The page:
June 27, 2011 by k. liz
Well, I am actually sitting in a hotel room at the moment, so obviously I am not home! But, nevertheless, I am in the country of my origin. We have had quite the travels, and probably they will come up at some point. But, regardless, we are now in Atlanta, GA after a trip from Dakar, Senegal to Casablana, Morocco to New York, USA to Atlanta, USA we are here. However, this isn’t about traveling, its about AFRICA!!
I love Africa. We had a great time for the three weeks we were there. We went to spend time working with a team from the university that we attended in the States. We set up English classes and tried to connect with an English club and things like that. My husband and I were actually supposed to be facilitating the team teaching English and such, but I did get a few opportunities to teach. I just want to share one awesome opportunity and one hilarious story. So . . . here ya go:
The family that we were staying with in Africa had met a lady who taught at a local middle school in St. Louis, Senegal. He had told her that a group of English teachers were coming and that we could come over to visit her school. So, I had the opportunity to visit the school and see how they run firsthand. The students were maybe not highly motivated, but good students nonetheless. I think that Africans are just naturally more talented when it comes to language. Anyway, I also had the opportunity to teach or co-teach a few classes. That was amazing! I loved it. These classrooms have next to nothing in the way of extras. Just a bunch of tables and chairs with about 40-60 students inside. The teachers were interested in observing me teach because they have not had very much experience with the communicative method or using technology in the classroom. So, it was exciting. I really enjoyed the teaching aspect, but even more exciting and humbling to me was the fact that three of the English teachers came to visit me at the house I was staying and brought their notebooks to take notes and ask me questions. I felt completely unqualified to be giving advice to these teachers!! In all, it was a great opportunity for me to get involved with a local school, and I must say that it has started a good amount of thinking in my own mind!!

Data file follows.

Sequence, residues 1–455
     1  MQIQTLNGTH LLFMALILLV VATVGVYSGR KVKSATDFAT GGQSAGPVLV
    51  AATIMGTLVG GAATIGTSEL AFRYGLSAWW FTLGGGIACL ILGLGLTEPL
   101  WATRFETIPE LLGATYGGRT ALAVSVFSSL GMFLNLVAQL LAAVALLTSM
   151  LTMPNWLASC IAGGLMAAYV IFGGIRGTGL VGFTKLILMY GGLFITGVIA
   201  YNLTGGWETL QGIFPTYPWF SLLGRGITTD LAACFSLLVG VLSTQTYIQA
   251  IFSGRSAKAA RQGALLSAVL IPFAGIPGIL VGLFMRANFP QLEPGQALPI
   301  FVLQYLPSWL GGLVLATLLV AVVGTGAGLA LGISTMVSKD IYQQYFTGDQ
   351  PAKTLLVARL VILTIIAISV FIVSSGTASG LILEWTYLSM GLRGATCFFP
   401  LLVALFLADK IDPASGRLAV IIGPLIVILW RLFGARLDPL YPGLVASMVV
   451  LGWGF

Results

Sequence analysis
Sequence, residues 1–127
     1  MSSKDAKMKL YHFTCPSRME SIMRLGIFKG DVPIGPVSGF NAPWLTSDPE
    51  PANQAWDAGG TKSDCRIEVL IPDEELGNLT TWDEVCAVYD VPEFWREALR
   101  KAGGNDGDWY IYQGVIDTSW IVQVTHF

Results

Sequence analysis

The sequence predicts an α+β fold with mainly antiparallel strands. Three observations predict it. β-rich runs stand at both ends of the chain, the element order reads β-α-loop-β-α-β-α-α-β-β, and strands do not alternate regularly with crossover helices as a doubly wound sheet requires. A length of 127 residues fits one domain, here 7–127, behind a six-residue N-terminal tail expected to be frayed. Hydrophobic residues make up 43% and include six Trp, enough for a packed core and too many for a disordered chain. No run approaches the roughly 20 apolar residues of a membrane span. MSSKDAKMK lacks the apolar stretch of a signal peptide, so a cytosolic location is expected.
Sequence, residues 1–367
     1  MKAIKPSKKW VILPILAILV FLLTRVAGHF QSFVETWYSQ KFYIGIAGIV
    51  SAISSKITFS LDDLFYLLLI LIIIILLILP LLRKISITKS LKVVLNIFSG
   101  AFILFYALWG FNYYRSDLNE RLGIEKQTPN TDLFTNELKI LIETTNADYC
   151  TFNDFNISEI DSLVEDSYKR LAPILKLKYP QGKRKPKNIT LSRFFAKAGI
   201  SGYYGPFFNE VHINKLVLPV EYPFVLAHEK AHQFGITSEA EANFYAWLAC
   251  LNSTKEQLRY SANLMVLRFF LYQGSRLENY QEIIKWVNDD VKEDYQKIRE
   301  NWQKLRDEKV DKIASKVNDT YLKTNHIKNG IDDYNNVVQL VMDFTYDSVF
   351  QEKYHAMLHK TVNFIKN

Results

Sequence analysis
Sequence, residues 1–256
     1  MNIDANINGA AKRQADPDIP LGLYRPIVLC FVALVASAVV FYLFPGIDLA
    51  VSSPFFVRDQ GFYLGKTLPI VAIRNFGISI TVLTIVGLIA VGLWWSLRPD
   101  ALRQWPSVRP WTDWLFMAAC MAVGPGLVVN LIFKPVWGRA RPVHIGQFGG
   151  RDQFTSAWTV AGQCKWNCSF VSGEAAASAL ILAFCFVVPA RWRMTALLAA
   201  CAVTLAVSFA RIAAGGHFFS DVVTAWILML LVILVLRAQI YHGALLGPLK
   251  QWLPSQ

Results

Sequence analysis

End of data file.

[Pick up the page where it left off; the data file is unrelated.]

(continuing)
So, one night I was teaching in our informal free English class at a mission in the city. We were talking about family and had already done some activities with naming family members. I was about to start some discussion about who Africans view as their nuclear family. However, I did not want to just ask them the question simply, so I decided to work into my question by asking them “Where does your grandmother live?” One student shot up his hand very eagerly and so I called on him. He answered very frankly, “My grandmother lives in the cemetery.”
Really? How do you answer that? The rest of the class was dying laughing, so I tried not to, but couldn’t really help laughing. But, the thing that really got me the most was that he followed it up with “But it’s a correct sentence right?” Hm, I wouldn’t actually use lives there, but yeah, good job.